Note: All comments are moderated and there may be a delay in the publication of your comment. Please be on-topic and appropriate. Do not disclose personal information. Be respectful of other posters. Only post information that is correct and true to your knowledge. When referencing information that is not based on personal experience, please provide links to your sources. All commenters are considered to be nonmedical professionals unless explicitly stated otherwise. Promotion of your own or someone else's business or competing site is not allowed: Sharing links to sites that are relevant to the topic at hand is permitted, but advertising is not. Once submitted, comments cannot be modified or deleted by their authors. Comments that don't follow the guidelines above may be deleted without warning. Such actions are at the sole discretion of DiabetesSelfManagement.com. Comments are moderated Monday through Friday by the editors of DiabetesSelfManagement.com. The moderators are employees of Madavor Media, LLC., and do not report any conflicts of interest. A privacy policy setting forth our policies regarding the collection, use, and disclosure of certain information relating to you and your use of this Web site can be found here. For more information, please read our Terms and Conditions.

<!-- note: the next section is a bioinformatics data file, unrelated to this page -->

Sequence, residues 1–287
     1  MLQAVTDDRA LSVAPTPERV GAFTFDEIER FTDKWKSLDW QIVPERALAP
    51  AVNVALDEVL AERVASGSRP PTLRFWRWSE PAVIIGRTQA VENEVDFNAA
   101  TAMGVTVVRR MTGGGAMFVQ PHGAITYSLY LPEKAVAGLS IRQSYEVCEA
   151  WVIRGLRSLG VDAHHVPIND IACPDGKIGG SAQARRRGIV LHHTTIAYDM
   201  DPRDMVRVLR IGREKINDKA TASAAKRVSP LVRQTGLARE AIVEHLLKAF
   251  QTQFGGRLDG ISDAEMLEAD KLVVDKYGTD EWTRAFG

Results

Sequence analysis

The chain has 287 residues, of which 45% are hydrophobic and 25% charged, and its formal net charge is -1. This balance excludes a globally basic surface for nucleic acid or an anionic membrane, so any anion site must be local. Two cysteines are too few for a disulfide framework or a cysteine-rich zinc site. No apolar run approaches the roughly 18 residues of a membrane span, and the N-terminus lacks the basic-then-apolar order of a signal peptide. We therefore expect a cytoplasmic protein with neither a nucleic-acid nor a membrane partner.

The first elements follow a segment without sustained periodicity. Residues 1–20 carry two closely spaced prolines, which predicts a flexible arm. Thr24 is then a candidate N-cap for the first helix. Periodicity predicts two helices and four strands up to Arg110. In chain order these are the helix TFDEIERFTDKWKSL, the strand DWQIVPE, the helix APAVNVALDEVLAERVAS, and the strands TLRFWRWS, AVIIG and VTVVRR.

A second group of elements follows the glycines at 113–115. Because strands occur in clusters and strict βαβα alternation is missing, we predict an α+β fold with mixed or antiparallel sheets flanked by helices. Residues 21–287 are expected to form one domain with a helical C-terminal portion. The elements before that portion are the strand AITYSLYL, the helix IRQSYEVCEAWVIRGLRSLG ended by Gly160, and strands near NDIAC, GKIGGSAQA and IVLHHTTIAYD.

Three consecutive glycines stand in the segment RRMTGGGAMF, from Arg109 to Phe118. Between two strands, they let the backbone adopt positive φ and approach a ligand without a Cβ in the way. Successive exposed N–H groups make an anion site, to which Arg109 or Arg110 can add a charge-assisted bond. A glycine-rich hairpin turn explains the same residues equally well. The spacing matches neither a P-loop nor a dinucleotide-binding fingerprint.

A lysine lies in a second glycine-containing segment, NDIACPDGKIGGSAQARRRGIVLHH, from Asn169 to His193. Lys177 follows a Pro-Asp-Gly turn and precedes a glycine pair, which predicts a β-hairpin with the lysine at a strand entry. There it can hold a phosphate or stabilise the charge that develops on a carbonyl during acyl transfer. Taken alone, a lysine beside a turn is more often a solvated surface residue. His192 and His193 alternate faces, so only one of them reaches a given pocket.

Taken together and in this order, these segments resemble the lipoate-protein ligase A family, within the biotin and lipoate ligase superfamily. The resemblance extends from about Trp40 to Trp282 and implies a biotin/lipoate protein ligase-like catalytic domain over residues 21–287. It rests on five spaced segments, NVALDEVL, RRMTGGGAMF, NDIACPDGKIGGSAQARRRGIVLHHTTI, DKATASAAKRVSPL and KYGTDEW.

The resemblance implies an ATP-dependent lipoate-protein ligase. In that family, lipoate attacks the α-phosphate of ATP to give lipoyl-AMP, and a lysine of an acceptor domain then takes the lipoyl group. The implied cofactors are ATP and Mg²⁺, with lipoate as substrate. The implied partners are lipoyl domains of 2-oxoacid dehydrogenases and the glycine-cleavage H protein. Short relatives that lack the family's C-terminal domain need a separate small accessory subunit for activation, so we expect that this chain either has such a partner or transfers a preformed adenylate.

Type 2 Diabetes
Insulin for Type 2 (07/14/14)
Rutgers Recruiting for Type 2 Diabetes Study (07/03/14)
Sleep Apnea Increases Type 2 Diabetes Risk (06/06/14)

Heart Health
When Blood Pressure Is Too Low (05/19/14)
Heart Health Fact or Fiction (02/18/14)
Symptoms of a Heart Attack in Women (02/14/14)

Diabetes Research
Whey Protein to Prevent After-Meal Blood Sugar Spikes? (07/18/14)
Metformin More Effective in African-Americans (07/10/14)
Diabetes Distress and Depression (07/09/14)
Researchers Successfully Test "Bionic Pancreas" (06/26/14)

Diabetes News
Whey Protein to Prevent After-Meal Blood Sugar Spikes? (07/18/14)
Metformin More Effective in African-Americans (07/10/14)
FDA Approves Inhalable Insulin (07/03/14)
Diabetes Distress and Depression (07/09/14)

Diane Fennell
Whey Protein to Prevent After-Meal Blood Sugar Spikes? (07/18/14)
Metformin More Effective in African-Americans (07/10/14)
FDA Approves Inhalable Insulin (07/03/14)
Remembering Jan Chait (07/01/14)



Disclaimer of Medical Advice: You understand that the blog posts and comments to such blog posts (whether posted by us, our agents or bloggers, or by users) do not constitute medical advice or recommendation of any kind, and you should not rely on any information contained in such posts or comments to replace consultations with your qualified health care professionals to meet your individual needs. The opinions and other information contained in the blog posts and comments do not reflect the opinions or positions of the Site Proprietor.

Blood Glucose Self-Monitoring — Part 1: The Gear
Blood glucose self-monitoring is one of the keys to diabetes control. Here are the tools you need to carry out this task.

Perfectionism: An Impossible Goal in Diabetes Management
Striving for good self-care is important, but perfectionism can make diabetes care — and life — more difficult.

Recipes for Spring
Enjoy recipes for Baked salmon on beet greens, Tofu and snow pea slaw, Radish and cucumber salad, Spinach pinwheels, Beet salad with citrus dressing, and Stuffed berries.

Complete table of contents
Subscription questions